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Switching to this medicine. I’ve been researching it and have read horror stories about the side effects. I’ve heard it’s worked but the side effects or terrible. Anyone on here taking this? What are/ were your side effects?

Been taking it for years and not been aware of any side effects. May be slight constipation which is easy to deal with.

All the hair on my legs fell out.  Thinned out a bit everyplace else (I have shaved my head for since before CML so that has never been an issue...).  That's it.  Ive tolerated it very well. My concentration and attention span might be a little affected by it but that could also life in 2021.  I mean its not *good* for you but it saved my life, so... 

Have been on it 8 years, currently in second month of a dose reduction. I really cant complain too much. 

I have been  taking it since Jan 2017 (almost 5 years). I am tolerating it pretty well. Had serious itching and rashes  after first couple months but went way itself in 5-6 weeks . I took 10mg of Critrizine ( anti allergic drug) when I had the itiching and rashes which helped a lot to control . Beside that short period of itiching and rashes …I have not felt any other side effects. But One thing, two hour fasting time still sucks !!




Naj, I can't help but ask, after almost five years I would think you should be on a greatly reduced Nilotinib dosage?  Many CML patients, if not most, take far more TKI than they need.  The less TKI we take over the longterm the better off we are likely to be.  

I noticed a few posts about long term use causing problems but when i did an online search i can't find any scientific research to this effect. My haematoligist is of the opinion that unless there are intolerable side effects etc there is no need for a lower dose. My consultant is an expert in cml so if there is any proof of a problem that effects a significant amount of patients i am sure she would know about it.

Christine R, the longer you take a high TKI dosage, the greater the probability of suffering TKI induced side-effects; some of which may be permanent.  It makes absolutely no sense to take more TKI, or any medication, for that matter, than needed.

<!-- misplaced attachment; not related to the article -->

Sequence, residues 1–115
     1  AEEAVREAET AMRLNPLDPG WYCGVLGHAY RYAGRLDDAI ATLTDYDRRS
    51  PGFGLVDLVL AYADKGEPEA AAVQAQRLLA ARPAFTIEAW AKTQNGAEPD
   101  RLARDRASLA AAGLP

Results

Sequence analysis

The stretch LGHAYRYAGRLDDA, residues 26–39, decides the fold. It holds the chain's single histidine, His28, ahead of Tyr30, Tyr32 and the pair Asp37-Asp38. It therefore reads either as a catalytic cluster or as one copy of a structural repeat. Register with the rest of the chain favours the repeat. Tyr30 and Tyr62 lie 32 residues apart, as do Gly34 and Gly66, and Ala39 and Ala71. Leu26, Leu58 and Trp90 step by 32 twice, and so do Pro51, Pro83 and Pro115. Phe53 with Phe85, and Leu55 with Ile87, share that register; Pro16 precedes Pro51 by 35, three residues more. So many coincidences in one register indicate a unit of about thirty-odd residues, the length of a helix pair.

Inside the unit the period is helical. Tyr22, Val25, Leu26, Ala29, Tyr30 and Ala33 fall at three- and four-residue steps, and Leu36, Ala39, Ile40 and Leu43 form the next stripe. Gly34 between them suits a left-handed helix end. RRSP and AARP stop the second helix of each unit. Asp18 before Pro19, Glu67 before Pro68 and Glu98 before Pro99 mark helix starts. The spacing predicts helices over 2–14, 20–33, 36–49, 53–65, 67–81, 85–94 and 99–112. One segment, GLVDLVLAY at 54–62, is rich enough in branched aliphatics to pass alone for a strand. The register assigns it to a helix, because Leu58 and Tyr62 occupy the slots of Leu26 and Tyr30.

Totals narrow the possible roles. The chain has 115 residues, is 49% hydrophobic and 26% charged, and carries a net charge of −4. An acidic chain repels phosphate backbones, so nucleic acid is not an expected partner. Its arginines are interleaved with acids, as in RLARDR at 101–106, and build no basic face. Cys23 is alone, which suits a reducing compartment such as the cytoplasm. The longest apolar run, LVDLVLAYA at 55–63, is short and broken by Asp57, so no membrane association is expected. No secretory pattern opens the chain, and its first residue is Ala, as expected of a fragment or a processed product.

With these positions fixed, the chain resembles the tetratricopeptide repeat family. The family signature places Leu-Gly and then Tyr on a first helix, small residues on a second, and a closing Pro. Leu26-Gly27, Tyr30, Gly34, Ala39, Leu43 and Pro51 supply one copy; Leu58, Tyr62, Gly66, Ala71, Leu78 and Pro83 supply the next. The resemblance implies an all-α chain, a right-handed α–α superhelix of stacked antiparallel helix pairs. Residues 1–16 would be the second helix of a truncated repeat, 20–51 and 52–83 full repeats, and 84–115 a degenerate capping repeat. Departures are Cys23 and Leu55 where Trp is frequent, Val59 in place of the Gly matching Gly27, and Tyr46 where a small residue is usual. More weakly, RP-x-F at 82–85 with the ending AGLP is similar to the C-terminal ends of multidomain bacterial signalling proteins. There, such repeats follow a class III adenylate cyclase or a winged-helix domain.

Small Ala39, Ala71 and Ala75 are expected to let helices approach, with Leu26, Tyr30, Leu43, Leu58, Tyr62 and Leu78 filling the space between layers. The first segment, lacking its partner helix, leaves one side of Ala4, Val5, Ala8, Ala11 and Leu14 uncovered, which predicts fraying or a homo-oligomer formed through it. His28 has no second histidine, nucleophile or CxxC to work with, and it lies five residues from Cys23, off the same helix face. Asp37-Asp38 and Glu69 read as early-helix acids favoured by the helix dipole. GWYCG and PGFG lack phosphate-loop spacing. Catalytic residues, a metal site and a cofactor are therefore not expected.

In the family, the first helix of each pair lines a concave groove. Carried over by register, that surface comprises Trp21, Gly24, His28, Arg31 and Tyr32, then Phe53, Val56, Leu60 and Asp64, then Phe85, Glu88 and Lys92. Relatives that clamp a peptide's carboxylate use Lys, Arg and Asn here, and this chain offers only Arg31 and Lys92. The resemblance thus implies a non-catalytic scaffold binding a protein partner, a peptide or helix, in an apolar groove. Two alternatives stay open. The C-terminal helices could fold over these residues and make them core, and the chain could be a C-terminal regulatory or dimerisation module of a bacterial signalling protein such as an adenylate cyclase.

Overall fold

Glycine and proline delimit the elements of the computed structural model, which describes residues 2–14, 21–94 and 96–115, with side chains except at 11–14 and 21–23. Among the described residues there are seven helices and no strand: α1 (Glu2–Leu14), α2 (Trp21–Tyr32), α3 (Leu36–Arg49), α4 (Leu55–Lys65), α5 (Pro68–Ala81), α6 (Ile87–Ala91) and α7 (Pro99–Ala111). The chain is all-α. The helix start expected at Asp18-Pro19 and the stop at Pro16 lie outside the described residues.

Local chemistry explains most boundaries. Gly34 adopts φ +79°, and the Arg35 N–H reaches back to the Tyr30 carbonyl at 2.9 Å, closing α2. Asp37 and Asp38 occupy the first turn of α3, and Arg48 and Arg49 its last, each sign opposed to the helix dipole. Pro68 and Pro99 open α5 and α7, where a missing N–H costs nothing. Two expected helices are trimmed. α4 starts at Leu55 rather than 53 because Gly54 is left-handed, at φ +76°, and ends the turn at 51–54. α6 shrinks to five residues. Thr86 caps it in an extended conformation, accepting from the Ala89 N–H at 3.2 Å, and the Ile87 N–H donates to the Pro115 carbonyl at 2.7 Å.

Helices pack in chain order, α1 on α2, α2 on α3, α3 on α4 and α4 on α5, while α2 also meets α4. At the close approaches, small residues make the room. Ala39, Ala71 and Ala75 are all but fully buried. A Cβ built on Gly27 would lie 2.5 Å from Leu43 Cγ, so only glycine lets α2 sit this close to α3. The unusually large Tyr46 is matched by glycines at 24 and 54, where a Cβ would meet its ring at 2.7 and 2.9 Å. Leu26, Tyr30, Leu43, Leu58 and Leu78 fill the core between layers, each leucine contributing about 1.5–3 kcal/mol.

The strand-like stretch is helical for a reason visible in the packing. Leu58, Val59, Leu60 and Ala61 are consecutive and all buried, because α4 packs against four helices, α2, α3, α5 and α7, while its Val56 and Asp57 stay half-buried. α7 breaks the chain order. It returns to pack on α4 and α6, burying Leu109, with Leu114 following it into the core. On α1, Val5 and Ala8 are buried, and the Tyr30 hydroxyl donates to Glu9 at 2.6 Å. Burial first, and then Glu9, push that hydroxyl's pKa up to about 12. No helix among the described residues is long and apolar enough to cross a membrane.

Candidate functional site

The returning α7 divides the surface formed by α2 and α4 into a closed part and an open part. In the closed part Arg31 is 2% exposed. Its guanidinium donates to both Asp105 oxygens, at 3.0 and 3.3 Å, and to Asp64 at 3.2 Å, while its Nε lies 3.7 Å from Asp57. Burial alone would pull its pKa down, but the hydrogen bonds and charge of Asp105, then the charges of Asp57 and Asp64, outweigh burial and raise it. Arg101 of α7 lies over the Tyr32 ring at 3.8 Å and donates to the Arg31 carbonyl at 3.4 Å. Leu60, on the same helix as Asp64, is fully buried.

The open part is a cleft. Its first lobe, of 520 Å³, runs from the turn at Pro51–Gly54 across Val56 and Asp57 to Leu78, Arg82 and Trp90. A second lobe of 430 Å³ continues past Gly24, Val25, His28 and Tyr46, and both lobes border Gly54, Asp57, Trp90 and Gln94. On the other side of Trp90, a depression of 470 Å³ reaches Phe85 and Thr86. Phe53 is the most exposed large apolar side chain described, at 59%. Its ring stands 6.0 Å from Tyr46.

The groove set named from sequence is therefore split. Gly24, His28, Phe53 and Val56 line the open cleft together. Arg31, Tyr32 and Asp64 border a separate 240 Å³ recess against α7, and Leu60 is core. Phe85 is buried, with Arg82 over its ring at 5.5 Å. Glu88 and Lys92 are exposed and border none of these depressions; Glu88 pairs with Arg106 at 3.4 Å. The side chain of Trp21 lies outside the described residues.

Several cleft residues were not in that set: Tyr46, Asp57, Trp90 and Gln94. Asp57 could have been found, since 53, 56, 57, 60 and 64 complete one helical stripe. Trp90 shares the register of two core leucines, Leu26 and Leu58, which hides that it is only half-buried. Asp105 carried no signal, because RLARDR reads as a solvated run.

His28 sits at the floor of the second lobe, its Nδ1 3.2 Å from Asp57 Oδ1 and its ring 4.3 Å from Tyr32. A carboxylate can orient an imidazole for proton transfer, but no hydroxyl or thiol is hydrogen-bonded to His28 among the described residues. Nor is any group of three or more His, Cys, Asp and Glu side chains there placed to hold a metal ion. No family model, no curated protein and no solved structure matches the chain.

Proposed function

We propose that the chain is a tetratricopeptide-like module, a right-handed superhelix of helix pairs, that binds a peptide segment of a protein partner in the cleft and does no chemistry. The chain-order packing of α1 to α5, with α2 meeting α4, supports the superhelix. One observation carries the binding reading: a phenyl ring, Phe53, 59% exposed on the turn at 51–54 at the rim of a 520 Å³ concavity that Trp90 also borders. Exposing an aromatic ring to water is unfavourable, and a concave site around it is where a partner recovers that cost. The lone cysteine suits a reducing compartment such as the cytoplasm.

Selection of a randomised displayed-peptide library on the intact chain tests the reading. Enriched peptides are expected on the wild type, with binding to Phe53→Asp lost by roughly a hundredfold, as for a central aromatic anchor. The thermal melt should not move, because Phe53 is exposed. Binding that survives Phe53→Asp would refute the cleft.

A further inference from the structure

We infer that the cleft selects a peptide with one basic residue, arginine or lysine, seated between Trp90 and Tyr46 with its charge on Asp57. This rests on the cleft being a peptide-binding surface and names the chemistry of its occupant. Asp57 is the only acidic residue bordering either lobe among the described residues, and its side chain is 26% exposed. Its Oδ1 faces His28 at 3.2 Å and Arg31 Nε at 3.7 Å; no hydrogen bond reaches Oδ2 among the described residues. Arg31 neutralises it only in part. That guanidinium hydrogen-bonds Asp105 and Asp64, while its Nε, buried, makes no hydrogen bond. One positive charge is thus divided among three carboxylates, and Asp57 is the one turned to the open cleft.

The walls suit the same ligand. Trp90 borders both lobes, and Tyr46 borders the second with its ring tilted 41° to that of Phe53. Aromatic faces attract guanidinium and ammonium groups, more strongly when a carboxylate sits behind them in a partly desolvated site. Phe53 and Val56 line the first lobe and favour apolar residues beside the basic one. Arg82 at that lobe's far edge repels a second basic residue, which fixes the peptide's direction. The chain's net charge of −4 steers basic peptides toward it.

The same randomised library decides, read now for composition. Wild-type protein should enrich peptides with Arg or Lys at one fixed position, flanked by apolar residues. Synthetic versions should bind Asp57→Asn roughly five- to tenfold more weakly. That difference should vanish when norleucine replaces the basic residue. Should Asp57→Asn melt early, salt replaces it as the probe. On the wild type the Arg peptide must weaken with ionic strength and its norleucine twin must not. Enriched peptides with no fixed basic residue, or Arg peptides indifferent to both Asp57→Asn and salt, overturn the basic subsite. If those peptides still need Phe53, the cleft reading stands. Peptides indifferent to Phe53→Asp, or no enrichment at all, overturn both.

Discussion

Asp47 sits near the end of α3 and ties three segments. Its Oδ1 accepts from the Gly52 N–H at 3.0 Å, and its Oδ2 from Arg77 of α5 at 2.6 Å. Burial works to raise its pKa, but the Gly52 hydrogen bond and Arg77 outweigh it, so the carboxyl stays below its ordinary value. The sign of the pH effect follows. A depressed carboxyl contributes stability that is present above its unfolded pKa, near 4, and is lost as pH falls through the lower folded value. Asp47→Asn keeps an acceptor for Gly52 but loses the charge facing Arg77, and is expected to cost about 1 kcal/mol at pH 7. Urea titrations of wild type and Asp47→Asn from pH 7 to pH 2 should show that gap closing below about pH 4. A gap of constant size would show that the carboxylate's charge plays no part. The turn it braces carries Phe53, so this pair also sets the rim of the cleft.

After almost five years on Gleevec 400mg, before two years of gradual dosage reduction, leading to TFR, I ended up with.Peripheral Artery Disease (PAD), a permanent condition that makes getting around difficult.  My oncologist was insistent that I stay on full dosage, despite my being in remission, and only relented when I said I was going to reduce my dosage despite her objections.  Still, I paid a high price for not reducing my dosage earlier.  Incidentally, the PAD didn't surface until I was well into dosage reduction.

TKIs are toxic medications and the less we take over the longterm the better off we are likely to be.  



I would agree that there is no point taking more than is needed and i believe the recommendation on dosage of Nilotinib was reduced from 400mg twice a day to 300mg twice a day some years ago. i also understand your position due to the problems that you have but I am not aware that this is a wide scale problem with TKIs.

If I explain where I am coming from you may understand my view better. I was diagnosed back in 2003 when TKIs were not freely available on the nhs. NICE had not approved it and my nhs trust refused to pay for it. I was given a maximum life expectancy of 5 years. Luckily my private health insurance stepped in and paid for it and I will always be grateful for that. In my eyes i have been saved by TKIs and will take it for as long as my consultant says it is working. I realise most people on here have lived in an age where CML was never a death sentence so they may have a different view on the subject. I am glad to still be here and i have not great hope to ever be free of drugs.